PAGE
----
Washington's special envoy to the Mideast pressed ahead Sunday with his efforts to get
Israel and the Palestinians talking peace again, going back to Israel's prime minister after the Palestinians refused to return to the negotiating table, AP reported.
The U.S. official,
George Mitchell, has been trying for a year to rekindle talks, but his mission has stalled over Israeli settlement construction. Last week, President Barack Obama acknowledged he underestimated the domestic political forces at play in the region and overreached in expecting a quick breakthrough in Mideast peacemaking.
Mahmoud Abbas is standing firm by his demand that Israel freeze all construction in the West Bank and east Jerusalem before he resumes talks, which broke off more than a year ago.
Israeli Prime Minister
Benjamin Netanyahu has agreed to slow construction in the West Bank, but has not halted it totally or imposed any limitations on building in east Jerusalem.
Israel annexed that sector of the city, home to sacred Jewish, Muslim and Christian sites, shortly after capturing it and the West Bank from Jordan in the 1967 Mideast war. The international community does not recognize the annexation and the Palestinians claim east Jerusalem for their future capital.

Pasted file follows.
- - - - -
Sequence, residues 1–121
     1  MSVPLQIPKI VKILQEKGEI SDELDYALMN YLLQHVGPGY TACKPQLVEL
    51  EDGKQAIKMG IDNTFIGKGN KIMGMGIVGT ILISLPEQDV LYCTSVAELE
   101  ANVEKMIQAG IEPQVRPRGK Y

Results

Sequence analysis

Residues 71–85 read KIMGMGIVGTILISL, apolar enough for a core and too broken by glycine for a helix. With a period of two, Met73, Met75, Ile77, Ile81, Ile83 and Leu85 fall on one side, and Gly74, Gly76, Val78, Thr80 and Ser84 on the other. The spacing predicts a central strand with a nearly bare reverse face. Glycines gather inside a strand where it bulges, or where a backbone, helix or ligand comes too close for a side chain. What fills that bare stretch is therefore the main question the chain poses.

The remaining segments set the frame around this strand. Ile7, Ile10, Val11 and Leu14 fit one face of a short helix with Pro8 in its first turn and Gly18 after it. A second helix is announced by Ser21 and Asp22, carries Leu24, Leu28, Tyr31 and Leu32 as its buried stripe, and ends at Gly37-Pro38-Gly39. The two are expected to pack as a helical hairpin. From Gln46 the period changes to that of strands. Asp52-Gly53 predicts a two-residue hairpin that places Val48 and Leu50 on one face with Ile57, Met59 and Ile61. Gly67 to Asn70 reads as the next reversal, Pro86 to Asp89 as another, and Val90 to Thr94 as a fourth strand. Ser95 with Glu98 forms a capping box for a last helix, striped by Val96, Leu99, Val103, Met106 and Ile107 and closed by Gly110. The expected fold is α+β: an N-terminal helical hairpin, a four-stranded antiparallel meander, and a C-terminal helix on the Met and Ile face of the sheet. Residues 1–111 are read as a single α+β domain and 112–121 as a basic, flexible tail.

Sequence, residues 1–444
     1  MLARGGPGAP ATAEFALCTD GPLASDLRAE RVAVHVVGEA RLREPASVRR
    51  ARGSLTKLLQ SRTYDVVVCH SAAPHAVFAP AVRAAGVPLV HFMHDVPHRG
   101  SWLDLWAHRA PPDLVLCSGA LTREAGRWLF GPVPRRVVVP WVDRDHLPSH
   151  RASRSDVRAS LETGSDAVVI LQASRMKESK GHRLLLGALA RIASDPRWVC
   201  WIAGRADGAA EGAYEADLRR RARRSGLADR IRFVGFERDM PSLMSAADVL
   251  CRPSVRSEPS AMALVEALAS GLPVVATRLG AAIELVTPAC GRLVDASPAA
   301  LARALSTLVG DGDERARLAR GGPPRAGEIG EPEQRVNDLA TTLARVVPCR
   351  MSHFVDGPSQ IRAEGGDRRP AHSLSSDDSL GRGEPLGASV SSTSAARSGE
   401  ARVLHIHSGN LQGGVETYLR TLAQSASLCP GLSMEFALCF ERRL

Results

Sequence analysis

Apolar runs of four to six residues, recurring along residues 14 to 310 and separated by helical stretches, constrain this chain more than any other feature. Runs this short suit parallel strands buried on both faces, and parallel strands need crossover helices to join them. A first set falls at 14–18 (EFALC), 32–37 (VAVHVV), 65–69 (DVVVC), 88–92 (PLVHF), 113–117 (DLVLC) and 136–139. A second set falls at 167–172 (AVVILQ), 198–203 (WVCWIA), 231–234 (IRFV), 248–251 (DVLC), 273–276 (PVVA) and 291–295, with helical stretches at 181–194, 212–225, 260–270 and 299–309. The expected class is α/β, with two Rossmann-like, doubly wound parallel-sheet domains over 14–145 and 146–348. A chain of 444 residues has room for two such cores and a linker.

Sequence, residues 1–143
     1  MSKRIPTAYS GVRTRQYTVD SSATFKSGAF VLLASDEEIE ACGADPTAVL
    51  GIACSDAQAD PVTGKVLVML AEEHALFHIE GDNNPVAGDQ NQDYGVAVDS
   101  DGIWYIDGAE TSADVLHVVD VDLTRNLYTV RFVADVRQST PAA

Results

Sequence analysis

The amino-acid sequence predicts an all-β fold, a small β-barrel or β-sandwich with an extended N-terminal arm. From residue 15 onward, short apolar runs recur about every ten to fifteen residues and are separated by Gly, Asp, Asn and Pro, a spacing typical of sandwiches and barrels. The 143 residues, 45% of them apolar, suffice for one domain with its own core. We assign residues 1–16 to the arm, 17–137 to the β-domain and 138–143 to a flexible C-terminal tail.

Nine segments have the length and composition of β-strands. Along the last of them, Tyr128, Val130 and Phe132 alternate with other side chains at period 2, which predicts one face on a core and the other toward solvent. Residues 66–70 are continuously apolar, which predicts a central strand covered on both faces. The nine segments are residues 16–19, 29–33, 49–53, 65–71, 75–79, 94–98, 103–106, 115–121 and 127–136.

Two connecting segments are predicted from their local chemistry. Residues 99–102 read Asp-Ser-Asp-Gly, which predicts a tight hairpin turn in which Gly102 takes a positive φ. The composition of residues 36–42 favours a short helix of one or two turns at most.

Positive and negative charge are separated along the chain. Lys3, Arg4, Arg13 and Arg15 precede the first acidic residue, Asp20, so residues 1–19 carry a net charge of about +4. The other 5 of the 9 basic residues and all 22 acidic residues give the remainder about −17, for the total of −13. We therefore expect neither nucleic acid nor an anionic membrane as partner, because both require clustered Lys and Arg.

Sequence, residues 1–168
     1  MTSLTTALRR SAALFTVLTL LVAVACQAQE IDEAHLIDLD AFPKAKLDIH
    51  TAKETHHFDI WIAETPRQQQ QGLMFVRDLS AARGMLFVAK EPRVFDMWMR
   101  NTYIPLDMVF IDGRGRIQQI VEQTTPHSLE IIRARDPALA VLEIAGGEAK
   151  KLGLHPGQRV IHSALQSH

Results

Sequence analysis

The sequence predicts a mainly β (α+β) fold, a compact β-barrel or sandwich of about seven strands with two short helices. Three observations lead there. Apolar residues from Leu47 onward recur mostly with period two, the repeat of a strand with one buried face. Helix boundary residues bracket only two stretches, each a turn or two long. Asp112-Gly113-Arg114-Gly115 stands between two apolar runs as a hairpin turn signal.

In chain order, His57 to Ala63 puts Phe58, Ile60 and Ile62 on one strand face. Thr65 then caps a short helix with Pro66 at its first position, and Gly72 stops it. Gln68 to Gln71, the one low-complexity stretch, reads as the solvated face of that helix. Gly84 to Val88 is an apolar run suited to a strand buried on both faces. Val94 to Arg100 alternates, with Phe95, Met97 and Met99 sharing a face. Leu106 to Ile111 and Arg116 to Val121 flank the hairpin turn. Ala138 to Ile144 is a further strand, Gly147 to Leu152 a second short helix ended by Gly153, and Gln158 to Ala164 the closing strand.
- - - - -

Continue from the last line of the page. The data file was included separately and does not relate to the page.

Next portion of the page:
Mitchell arrived in the region late last week in yet another attempt to break the logjam and met separately with Netanyahu and Abbas. Early Sunday, he met with Netanyahu again; it wasn't immediately clear if Mitchell would hold another meeting with Abbas in Jordan as planned.
The Israeli leader heads a coalition largely opposed to the sweeping territorial concessions that would be necessary to clinch a peace deal with the Palestinians. He himself had long refused to endorse the concept of Palestinian statehood, doing so only in June under intense U.S. pressure.
The Palestinians are afraid that Washington's inability to get Israel to even temporarily freeze settlement construction augurs ill for any Israeli concessions on tougher issues like partitioning Jerusalem.
Abbas is also worried his already battered standing among the Palestinian people would suffer further if he resumes talks without at least a settlement freeze. The Palestinian leader is locked in a fierce rivalry with Islamic Hamas militants who overran the Gaza Strip in 2007 and believe only violence, not negotiations, will pressure Israel to yield war-won land.